Does Memory Matter? 4GB versus 8GB versus 16GB in Gaming

By Ari Altman | Published August 23, 2013 | Updated February 17, 2016


In this article, we’ll be providing gaming benchmarks using 4GB, 8GB, and 16GB of RAM to show you exactly what you get for your money when it comes to gaming performance for the dollar. While many gamers may just go all in and buy 16GB without a concern about its impacts on gaming, we believe others may want to weigh the other options available – and the results of our testing may surprise you!

We’ve been tracking the memory market closely since the beginning of 2013, sounding alarms along the way about the incredibly rapid increase in RAM prices. Well, as of this writing, the price of the average midrange 8GB RAM set is $70, twice the price that similar sets sold for in December 2012. That’s a 100 percent increase in six months! Common sense would suggest that prices on technology products drop over time. Who knew that buying RAM in 2012 could be such a good investment?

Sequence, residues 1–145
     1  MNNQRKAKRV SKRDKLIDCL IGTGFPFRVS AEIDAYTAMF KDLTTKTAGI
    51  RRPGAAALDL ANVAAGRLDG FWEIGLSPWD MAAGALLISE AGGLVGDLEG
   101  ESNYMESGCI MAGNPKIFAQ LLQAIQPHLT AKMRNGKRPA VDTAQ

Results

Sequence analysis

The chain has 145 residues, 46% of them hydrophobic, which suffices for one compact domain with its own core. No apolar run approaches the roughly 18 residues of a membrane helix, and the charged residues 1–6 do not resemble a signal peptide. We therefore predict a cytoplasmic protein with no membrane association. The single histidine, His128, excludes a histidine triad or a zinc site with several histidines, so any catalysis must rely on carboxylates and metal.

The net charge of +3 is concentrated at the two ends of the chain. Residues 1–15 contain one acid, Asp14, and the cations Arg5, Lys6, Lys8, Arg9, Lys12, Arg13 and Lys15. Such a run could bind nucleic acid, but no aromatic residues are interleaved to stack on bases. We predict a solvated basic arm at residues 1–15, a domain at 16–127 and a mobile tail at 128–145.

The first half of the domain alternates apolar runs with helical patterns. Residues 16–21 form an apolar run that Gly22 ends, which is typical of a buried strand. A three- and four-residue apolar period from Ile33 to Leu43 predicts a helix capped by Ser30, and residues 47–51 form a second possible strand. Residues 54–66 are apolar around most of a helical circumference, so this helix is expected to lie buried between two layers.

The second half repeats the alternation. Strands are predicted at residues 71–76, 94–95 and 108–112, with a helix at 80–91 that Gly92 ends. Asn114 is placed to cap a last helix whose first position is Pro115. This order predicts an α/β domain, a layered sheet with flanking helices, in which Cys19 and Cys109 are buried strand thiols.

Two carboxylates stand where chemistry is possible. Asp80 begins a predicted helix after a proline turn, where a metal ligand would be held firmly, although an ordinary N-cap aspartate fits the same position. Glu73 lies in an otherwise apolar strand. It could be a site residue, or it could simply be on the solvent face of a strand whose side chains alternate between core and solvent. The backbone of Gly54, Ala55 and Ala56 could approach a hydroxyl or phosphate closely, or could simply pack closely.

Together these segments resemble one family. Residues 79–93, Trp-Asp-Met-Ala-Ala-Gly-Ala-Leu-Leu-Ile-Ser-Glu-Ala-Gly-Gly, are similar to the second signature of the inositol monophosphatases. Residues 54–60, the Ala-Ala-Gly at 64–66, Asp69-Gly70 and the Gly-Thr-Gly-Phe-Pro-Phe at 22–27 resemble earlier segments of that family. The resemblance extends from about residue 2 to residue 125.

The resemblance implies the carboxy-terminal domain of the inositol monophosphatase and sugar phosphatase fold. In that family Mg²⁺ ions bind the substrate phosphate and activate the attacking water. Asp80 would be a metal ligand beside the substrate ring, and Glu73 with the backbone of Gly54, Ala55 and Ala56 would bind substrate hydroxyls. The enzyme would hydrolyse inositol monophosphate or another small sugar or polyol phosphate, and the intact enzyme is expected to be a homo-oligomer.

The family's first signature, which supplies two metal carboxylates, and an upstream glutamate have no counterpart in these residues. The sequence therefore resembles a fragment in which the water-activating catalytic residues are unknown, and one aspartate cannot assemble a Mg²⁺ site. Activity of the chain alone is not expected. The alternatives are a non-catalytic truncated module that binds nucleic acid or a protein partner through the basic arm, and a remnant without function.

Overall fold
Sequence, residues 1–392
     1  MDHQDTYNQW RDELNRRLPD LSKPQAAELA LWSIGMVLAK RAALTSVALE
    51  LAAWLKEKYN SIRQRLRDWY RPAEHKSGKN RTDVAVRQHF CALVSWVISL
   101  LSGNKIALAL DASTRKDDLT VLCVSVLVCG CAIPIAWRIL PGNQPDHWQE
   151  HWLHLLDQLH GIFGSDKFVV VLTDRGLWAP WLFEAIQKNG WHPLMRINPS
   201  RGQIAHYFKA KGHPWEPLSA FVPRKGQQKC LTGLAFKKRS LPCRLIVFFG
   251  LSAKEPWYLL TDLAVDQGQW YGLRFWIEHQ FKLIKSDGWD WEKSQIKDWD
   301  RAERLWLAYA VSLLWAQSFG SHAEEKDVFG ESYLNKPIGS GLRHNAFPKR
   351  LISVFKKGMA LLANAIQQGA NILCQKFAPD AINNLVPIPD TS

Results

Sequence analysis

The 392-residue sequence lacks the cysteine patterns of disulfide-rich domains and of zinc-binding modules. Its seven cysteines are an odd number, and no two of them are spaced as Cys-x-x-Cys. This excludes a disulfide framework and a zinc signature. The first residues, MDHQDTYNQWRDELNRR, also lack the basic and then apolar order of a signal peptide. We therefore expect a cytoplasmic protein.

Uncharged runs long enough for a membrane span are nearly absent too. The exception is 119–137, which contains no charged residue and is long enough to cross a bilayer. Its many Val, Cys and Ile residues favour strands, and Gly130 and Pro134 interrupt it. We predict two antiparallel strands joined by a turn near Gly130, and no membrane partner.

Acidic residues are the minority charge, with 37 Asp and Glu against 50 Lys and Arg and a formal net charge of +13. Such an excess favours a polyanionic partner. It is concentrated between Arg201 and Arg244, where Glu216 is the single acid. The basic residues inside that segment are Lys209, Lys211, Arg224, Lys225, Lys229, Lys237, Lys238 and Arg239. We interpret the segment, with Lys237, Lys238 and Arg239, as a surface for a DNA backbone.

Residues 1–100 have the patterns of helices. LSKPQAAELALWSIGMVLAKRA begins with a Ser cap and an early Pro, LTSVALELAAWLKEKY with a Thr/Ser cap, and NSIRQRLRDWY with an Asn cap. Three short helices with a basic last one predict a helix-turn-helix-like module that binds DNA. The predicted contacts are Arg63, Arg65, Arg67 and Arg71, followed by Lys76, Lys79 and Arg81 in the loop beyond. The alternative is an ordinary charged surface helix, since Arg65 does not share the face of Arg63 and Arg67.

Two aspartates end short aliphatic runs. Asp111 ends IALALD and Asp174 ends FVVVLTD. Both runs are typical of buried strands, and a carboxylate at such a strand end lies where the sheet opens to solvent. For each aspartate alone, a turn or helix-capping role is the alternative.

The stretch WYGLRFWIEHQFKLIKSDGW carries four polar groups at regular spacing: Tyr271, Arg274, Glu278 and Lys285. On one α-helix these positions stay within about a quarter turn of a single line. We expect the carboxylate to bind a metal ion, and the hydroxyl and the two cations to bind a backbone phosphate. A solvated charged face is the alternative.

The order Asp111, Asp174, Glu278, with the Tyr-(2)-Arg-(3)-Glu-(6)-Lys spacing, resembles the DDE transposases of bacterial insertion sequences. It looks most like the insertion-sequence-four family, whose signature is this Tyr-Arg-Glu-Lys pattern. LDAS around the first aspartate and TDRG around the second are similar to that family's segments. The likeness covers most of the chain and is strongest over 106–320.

In our opinion, it’s no longer a question of “RAM’s cheap, should I just get 16GB?” It really does come down to whether anyone focused on gaming should even consider 16GB, and furthermore, whether 4GB might be a viable option when trying to save some money. Take a look at our benchmarks that follow to come to your own conclusions!

Part I: 4GB vs. 8GB